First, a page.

Hewlett-Packard Co.’s board of directors discussed shifting some day-to-day responsibilities from CEO Carly Fiorina to other executives in an effort to improve the technology giant’s performance, according to a published report Monday.
The Wall Street Journal, citing unnamed sources, said the board discussed granting more control to three senior executives at its annual planning meeting that took place between Jan. 12 and Jan. 15 in San Francisco.
Fiorina’s job is not in question, one source told the newspaper. “But she shouldn’t be running everything every day,” the person told the Journal. “She is very hands on, and that slows things down.”
H-P said the report was speculation.
“Boards discuss a wide range of topics consistent with their fiduciary responsibilities, and any speculation about these discussions is just that — pure speculation,” H-P spokesman Bob Sherbin said in a brief statement.
The board did make structural changes at a recent meeting, he added, but those were announced Jan. 14. That’s when H-P said it was combining its highly profitable imaging and printing division with its personal computer unit.
“There are no other senior changes due in the near future,” Sherbin said.
In the Jan. 14 move, printer chief Vyomesh Joshi was named to lead the combined group. Joshi also was identified as one of the three executives who would gain more day-to-day responsibilities under the scenario that was discussed by the board.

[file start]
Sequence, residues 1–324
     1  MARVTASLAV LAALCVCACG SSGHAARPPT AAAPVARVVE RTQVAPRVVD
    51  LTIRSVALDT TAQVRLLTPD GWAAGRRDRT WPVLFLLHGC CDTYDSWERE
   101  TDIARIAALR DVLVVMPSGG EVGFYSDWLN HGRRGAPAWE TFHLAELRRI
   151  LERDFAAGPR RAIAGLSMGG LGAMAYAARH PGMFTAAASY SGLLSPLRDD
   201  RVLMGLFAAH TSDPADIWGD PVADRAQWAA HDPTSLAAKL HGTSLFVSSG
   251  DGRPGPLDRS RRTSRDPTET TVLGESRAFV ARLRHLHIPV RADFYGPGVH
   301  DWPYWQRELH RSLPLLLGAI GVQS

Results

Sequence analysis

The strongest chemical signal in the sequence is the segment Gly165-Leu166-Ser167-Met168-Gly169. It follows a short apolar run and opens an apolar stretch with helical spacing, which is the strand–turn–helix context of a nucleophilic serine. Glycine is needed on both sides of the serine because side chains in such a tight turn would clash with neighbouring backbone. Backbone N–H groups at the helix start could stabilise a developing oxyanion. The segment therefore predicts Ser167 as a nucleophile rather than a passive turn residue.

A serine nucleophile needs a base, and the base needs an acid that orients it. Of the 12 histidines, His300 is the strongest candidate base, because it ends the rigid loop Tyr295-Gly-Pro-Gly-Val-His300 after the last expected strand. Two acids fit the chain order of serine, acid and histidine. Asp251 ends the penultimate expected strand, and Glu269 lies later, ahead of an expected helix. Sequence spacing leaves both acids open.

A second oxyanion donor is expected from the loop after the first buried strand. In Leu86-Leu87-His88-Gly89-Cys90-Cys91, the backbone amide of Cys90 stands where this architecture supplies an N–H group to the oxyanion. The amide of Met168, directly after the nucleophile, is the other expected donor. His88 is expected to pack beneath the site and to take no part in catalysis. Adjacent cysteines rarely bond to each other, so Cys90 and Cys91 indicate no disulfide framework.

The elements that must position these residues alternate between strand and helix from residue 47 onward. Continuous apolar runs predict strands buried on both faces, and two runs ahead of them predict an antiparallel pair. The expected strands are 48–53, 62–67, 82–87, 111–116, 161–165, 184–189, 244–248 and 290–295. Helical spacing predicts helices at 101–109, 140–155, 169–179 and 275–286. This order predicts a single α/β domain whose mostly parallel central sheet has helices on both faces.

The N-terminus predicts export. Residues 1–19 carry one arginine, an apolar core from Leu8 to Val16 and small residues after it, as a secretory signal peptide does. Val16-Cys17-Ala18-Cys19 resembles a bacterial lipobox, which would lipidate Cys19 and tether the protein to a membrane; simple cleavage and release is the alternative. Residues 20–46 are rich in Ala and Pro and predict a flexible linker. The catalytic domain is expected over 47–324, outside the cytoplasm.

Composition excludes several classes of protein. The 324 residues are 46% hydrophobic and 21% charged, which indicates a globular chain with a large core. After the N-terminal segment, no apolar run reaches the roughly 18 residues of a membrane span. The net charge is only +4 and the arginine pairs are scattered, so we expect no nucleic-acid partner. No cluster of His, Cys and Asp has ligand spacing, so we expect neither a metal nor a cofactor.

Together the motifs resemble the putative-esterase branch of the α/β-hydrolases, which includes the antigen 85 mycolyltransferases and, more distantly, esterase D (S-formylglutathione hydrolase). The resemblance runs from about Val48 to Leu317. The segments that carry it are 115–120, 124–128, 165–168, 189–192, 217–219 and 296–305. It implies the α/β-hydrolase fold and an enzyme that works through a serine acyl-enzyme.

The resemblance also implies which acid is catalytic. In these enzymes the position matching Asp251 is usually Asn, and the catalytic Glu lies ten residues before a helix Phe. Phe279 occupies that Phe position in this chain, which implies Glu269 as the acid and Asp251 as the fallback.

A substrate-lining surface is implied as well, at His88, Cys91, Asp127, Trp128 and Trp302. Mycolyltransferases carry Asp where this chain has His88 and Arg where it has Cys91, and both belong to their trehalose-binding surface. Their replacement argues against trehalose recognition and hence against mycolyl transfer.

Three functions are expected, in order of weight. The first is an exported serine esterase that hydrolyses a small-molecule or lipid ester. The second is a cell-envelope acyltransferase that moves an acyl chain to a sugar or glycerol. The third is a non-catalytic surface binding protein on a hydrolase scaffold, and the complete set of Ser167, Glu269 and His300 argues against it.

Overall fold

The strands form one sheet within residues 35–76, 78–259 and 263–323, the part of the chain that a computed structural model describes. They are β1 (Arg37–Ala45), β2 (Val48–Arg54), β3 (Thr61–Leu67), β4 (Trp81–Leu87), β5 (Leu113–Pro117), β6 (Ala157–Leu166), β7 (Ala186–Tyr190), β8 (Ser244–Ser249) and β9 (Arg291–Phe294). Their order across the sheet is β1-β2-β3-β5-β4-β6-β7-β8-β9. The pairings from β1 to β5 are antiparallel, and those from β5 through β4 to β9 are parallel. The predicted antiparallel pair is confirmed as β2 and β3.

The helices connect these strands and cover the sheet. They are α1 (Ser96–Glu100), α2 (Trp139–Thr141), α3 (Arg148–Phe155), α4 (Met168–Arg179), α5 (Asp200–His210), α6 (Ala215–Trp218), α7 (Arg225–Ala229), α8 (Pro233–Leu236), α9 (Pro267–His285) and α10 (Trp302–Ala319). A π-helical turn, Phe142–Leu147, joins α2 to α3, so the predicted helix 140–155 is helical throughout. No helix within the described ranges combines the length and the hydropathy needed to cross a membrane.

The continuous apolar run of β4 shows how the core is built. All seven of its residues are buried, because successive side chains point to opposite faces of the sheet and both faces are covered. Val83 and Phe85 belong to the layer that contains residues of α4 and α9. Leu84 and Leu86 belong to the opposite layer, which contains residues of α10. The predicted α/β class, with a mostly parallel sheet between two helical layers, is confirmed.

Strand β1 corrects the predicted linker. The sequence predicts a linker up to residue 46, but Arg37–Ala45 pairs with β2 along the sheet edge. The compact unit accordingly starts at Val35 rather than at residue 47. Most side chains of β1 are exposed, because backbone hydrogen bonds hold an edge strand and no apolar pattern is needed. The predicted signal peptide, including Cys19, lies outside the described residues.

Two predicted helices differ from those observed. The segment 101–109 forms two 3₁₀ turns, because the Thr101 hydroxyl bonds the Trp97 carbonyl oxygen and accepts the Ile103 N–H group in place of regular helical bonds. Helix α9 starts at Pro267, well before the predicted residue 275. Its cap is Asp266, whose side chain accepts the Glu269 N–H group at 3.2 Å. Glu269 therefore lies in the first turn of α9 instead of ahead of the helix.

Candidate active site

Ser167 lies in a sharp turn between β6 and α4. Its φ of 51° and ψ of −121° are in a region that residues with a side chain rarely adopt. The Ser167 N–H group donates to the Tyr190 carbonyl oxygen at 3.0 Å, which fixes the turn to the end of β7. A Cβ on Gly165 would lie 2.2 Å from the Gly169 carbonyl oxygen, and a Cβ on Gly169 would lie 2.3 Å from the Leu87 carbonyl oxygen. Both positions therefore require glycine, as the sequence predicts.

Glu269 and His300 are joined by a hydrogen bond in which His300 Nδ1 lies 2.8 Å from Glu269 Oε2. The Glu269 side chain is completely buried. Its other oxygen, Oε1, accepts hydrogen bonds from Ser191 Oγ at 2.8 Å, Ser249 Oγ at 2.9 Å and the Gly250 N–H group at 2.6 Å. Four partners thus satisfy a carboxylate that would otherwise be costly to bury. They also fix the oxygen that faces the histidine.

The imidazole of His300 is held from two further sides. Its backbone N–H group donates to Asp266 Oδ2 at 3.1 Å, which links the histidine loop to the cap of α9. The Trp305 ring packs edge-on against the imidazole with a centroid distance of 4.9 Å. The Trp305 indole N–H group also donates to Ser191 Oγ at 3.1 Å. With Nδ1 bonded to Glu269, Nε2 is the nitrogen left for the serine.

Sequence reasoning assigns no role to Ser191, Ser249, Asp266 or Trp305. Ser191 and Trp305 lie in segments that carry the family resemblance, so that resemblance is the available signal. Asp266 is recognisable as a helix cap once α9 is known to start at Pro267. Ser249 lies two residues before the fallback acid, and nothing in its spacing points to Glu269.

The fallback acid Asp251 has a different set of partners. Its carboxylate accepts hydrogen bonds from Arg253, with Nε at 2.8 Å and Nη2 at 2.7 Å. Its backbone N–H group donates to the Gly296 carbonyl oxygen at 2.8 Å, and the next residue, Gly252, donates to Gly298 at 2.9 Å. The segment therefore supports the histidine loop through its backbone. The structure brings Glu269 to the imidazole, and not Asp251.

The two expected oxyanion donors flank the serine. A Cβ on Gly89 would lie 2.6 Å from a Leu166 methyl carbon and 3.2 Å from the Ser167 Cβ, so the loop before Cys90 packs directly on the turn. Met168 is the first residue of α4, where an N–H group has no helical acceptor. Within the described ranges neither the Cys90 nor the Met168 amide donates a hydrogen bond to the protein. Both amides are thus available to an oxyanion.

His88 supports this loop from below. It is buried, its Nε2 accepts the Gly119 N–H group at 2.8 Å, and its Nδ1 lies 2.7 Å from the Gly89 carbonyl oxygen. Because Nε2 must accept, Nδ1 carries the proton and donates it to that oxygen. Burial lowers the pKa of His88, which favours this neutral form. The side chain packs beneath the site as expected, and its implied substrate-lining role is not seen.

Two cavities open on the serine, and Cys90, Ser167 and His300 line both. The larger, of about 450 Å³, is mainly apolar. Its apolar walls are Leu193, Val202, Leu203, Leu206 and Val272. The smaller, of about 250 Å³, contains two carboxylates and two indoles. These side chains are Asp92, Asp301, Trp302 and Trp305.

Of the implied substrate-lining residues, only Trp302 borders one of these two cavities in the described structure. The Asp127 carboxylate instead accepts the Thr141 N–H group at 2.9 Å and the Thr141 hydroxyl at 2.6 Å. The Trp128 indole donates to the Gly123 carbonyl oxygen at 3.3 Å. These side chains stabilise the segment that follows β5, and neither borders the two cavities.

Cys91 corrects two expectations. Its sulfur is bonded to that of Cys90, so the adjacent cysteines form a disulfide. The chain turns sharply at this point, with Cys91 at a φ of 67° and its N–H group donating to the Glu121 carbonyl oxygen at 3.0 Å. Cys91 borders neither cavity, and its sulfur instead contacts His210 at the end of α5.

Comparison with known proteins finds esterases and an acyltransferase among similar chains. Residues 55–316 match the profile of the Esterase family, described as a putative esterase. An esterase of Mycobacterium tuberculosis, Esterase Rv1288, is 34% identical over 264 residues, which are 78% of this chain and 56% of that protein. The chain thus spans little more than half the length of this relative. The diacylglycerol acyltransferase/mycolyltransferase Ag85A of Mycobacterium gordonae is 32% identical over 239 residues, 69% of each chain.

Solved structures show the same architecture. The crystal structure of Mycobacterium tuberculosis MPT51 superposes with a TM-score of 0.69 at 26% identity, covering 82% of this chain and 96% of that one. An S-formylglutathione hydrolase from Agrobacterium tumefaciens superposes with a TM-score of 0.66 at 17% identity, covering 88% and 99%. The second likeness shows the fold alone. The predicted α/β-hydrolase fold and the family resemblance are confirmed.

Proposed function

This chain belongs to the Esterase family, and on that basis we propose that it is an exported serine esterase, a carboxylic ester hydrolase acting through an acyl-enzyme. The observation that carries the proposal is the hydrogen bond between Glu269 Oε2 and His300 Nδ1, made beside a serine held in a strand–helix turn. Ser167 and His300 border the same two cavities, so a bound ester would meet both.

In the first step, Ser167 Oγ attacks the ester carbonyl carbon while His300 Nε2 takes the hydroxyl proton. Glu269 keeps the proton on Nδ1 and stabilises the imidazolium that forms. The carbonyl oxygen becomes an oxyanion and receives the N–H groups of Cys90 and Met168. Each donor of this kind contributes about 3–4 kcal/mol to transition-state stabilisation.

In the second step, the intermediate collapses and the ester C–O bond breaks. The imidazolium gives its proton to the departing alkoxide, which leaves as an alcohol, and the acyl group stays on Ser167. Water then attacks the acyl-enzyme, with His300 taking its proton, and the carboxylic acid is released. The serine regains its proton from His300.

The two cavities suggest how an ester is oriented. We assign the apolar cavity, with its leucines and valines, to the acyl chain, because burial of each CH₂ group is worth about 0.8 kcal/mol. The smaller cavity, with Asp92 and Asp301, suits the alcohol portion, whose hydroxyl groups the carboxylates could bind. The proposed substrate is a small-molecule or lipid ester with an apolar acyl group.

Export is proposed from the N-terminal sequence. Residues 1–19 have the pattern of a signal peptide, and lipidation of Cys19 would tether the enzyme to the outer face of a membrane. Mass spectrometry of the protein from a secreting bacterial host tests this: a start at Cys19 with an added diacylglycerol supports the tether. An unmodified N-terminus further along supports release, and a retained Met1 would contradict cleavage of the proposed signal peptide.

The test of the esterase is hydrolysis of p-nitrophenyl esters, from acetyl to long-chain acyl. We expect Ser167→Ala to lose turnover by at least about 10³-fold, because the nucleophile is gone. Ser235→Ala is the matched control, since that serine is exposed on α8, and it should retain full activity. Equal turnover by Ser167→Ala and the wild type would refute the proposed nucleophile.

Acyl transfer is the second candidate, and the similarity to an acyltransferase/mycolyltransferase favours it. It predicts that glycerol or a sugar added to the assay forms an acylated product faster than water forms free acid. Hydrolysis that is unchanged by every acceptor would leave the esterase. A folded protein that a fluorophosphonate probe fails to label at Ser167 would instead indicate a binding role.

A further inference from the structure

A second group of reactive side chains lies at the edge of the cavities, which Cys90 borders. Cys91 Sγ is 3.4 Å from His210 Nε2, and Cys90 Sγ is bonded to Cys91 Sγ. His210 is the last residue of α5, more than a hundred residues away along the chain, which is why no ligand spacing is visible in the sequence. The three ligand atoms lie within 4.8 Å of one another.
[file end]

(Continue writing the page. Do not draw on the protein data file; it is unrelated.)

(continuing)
The other executives who could take on more responsibilities include Ann Livermore, who heads the services and enterprise computing division, and Shane Robison, H-P’s chief technology and strategy officer.
Fiorina, named H-P’s first outside chief executive in 1999, dramatically cut the number of its business units and shifted more executive authority to the CEO’s office. She also led H-P’s contentious $19 billion merger with Compaq Computer Corp. in 2002.
Though revenues have doubled since Fiorina arrived, in part due to the Compaq merger, profits have only just returned to levels not seen since the tech bubble burst.
Performance also has been uneven. In August, it missed fiscal third-quarter expectations and blamed a new internal computer system as well as other execution problems. Three executives were fired.
But H-P turned around in its fiscal fourth quarter, which ended Oct. 31, with earnings rising 26.5 percent to $1.09 billion and sales up 8 percent to $21.39 billion.
Still, H-P shares are down about 55 percent since Fiorina’s arrival — significantly more than chief rivals IBM Corp. and Dell Inc.